Panic buying of basic commodities has hit Harare as authorities mull introducing bond notes in October, widely opposed by most Zimbabweans, who lost personal savings when the country dumped the local dollar in 2009.
A snap informal survey in Zimbabwe’s capital city shows that some people are now hoarding basic commodities in anticipation of a looming food crisis due to the current cash crisis and after the introduction of bond notes.
One such skeptical consumer is Mabelreign resident Rosemary Chinyadza, who said the current cash crisis might result in serious food shortages almost like what Zimbabweans witnessed at the height of the nation’s economic recession between 2007 and 2008.
The bulk purchasing of commodities has forced some shops to start limiting the purchasing of certain commodities. For example, a retail shop in Harare’s central business district was today limiting the purchasing of a two-liter cooking oil bottle to one bottle per customer.
Panic buying of basic commodities has gripped Harare.
Several shop owners in Harare say they are witnessing panic buying of basic commodities with some customers expressing dismay over the current cash crisis, which has resulted in most of them spending a lot of time in back queues. The situation is being worsened by the central bank’s moves to introduce bond notes.
Linda Masirarambi, who works for a local company that operates from the city’s central business district, said instead of concentrating on her job, she is now spending most of her time in bank queues looking for cash.
Masarirambi said she is unable to feed her family due to lack of cash to buy basic commodities.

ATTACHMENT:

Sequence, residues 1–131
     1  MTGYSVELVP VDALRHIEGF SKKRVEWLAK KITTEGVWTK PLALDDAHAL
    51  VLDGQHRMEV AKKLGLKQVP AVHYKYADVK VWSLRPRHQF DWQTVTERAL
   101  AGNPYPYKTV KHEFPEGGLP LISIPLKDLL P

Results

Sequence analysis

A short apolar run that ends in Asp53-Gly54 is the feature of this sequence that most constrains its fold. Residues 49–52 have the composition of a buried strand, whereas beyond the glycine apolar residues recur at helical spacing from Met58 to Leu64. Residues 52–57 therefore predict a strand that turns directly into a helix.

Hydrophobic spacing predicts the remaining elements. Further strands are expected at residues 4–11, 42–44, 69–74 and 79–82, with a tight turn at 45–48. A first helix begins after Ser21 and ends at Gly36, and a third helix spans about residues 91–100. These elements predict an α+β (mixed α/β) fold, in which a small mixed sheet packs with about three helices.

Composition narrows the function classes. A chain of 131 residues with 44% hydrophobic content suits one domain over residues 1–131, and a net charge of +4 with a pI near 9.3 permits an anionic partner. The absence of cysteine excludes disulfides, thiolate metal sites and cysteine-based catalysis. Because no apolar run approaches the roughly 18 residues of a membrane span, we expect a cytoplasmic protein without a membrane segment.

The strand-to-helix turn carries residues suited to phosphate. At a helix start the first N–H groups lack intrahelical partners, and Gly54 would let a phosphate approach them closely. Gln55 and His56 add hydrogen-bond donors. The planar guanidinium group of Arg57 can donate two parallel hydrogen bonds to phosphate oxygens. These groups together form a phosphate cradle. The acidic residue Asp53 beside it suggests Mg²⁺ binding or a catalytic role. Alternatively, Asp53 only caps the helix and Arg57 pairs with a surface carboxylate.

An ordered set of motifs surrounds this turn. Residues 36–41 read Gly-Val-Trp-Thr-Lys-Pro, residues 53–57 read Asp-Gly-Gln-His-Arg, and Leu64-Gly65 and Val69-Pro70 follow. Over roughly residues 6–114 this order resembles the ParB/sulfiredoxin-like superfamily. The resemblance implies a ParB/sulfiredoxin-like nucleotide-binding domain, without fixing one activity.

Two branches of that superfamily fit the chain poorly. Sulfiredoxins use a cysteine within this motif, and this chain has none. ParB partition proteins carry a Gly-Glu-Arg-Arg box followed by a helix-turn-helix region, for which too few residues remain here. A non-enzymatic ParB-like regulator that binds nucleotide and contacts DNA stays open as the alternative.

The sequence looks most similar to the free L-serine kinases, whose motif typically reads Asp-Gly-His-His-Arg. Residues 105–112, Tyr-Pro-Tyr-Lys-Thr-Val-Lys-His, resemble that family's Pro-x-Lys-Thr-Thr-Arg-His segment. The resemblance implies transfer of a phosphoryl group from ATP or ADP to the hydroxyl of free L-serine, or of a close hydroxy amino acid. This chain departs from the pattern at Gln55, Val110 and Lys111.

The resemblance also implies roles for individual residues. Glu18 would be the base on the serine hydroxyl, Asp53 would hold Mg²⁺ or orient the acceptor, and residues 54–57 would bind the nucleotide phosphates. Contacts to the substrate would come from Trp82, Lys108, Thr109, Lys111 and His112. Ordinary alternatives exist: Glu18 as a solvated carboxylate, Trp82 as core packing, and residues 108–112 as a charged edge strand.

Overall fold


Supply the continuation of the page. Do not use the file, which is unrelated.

Gibson Zindove, who runs a car repair business in Avondale, said he is no longer depositing money in banks because it would be difficult for him to access it when he wants to finance his business operations.
Another company that is struggling to get cash for its operations is Gutu and Chikowero Attorneys, a law firm co-directed by MDC-T national spokesman Obert Gutu.
Gutu said they are now failing to pay some of workers without bank accounts.
Banks are restricting cash withdrawals for individuals to at least $50 per day.
He said many people are spending a lot of time in bank queues instead of engaging in productive work.
Reacting to the questions on panic buying and cash shortages, Lovemore Kadenge, president of the Zimbabwe Economics Society, said failure by most companies to access cash from banks was affecting the national economy.
Kadenge urged Zimbabwean authorities to come up with policies that would restore confidence in the financial services sector and stop panic buying of basic commodities.
Government sources told Studio 7 that Reserve Bank of Zimbabwe governor John Mangudya was under pressure from unnamed senior government and ruling Zanu PF party officials to shelve his plans to introduce bonds following a public outcry and the prevailing cash shortages.
Mangudya has already said the bond notes, designed to boost Zimbabwe’s exports, would be introduced in October this year. At the same time, Finance Minister Patrick Chinamasa issued a statement Monday saying government was consulting the World Bank and the International Monetary Fund on the bond notes or coupons.